Adding seats to change case outcomes would drag a politicized process to new lows. None other than the late Justice Ruth Bader Ginsburg said the same: “If anything would make the court look partisan, it would be that — one side saying, ‘When we’re in power, we’re going to enlarge the number of judges, so we would have more people who would vote the way we want them to.’ ”
Even an unsuccessful attempt to pack the court in 2021 would tell half of the country, “We win, you lose.” After the incredible division and rancor of a bruising presidential campaign mixed with a pandemic, a culture war and civil unrest, I am unsure the nation could sustain the blowback.
The only way to undo a Biden administration’s court-pack would be to subject the new institution to a “re-pack” by adding even more seats, or a “de-pack” by removing seats based solely on judicial decision-making. If Democrats expand the court, the next time Republicans have power, they will feel justified doing the same. As Sen. John Thune (R-S.D.) said when then-Senate Majority Leader Harry Reid (D-Nev.) eliminated the judicial filibuster, “what goes around comes around.”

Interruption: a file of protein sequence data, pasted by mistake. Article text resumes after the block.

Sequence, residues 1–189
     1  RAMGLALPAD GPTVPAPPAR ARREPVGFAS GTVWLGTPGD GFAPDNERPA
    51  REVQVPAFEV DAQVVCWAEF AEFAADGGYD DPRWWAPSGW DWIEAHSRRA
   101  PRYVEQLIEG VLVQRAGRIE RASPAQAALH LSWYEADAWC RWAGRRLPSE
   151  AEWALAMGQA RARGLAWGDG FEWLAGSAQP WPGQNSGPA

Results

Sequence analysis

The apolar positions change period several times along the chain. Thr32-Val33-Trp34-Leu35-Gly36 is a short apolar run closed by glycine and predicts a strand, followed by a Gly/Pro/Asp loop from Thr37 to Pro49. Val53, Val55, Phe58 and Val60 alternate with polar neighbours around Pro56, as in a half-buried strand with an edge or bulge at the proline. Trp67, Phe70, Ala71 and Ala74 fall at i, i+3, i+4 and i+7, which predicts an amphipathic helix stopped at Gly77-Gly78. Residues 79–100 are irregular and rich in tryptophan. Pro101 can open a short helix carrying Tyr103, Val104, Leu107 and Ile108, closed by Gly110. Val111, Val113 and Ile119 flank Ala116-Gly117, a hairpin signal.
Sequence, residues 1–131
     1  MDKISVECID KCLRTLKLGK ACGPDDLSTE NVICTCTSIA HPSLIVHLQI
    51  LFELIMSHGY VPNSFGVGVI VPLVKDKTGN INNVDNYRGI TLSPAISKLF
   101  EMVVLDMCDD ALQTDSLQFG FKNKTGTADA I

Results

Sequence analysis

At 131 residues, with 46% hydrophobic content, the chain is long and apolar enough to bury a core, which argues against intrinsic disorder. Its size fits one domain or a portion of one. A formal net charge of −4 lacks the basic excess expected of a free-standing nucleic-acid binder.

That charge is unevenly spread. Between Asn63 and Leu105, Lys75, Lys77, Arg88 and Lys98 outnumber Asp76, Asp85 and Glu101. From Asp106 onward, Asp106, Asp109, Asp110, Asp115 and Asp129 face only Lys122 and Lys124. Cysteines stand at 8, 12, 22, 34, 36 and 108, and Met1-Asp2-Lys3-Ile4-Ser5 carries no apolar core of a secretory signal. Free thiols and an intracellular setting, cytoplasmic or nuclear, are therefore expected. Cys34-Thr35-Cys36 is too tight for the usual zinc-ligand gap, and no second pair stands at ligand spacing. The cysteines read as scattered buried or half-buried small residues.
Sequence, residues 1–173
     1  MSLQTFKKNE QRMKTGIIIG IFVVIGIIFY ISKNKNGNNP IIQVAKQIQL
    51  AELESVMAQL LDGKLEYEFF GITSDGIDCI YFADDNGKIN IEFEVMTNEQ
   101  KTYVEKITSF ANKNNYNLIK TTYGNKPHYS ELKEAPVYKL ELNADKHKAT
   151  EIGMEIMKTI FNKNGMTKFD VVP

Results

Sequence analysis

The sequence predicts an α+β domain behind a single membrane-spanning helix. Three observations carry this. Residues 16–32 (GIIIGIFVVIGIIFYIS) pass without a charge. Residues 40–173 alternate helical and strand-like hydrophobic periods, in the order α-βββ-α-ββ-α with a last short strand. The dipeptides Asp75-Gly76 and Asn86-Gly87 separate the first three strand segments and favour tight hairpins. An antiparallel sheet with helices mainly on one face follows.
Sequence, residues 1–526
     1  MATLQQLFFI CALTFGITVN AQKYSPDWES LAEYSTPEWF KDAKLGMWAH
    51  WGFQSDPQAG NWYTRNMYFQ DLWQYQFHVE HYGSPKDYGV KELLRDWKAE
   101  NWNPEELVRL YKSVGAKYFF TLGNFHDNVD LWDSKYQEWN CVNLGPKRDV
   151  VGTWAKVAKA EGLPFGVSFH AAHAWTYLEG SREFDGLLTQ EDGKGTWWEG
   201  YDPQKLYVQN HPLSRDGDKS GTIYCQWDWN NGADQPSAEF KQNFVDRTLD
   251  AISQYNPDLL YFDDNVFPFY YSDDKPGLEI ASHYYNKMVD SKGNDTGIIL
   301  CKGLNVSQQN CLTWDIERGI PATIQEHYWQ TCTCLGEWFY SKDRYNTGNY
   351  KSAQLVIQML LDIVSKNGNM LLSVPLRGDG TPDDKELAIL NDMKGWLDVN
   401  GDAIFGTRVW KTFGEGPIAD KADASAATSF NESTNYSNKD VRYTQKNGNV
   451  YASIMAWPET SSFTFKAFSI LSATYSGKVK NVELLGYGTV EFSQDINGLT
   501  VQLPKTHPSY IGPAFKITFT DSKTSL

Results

Ever-escalating court expansion would strain the soundness of the Constitution’s structural genius. Drawing on insights from the Scottish enlightenment, the Constitution’s framers prudently modified their English forebears’ form of government. The English system united executive and legislative power in a parliament led by a prime minister, a body to which English courts are subordinate. By contrast, the American experiment broadly divided the power to make the law, enforce the law and interpret the law into three distinct branches. By thus making ambition counteract ambition, in James Madison’s words, our separation of powers is an even more important bulwark against tyranny than our hallowed Bill of Rights. Indeed, the separation of powers is a primary reason that the United States has survived as the world’s longest enduring republic.
But if the two political branches decided to reorganize the third branch whenever they wanted to change its ideological valence, separation-of-powers principles would fall by the wayside: The court would not be an independent third branch but a subordinate adjunct to the presidency, Congress and the unelected bureaucracy, to which the courts have deferred too much already.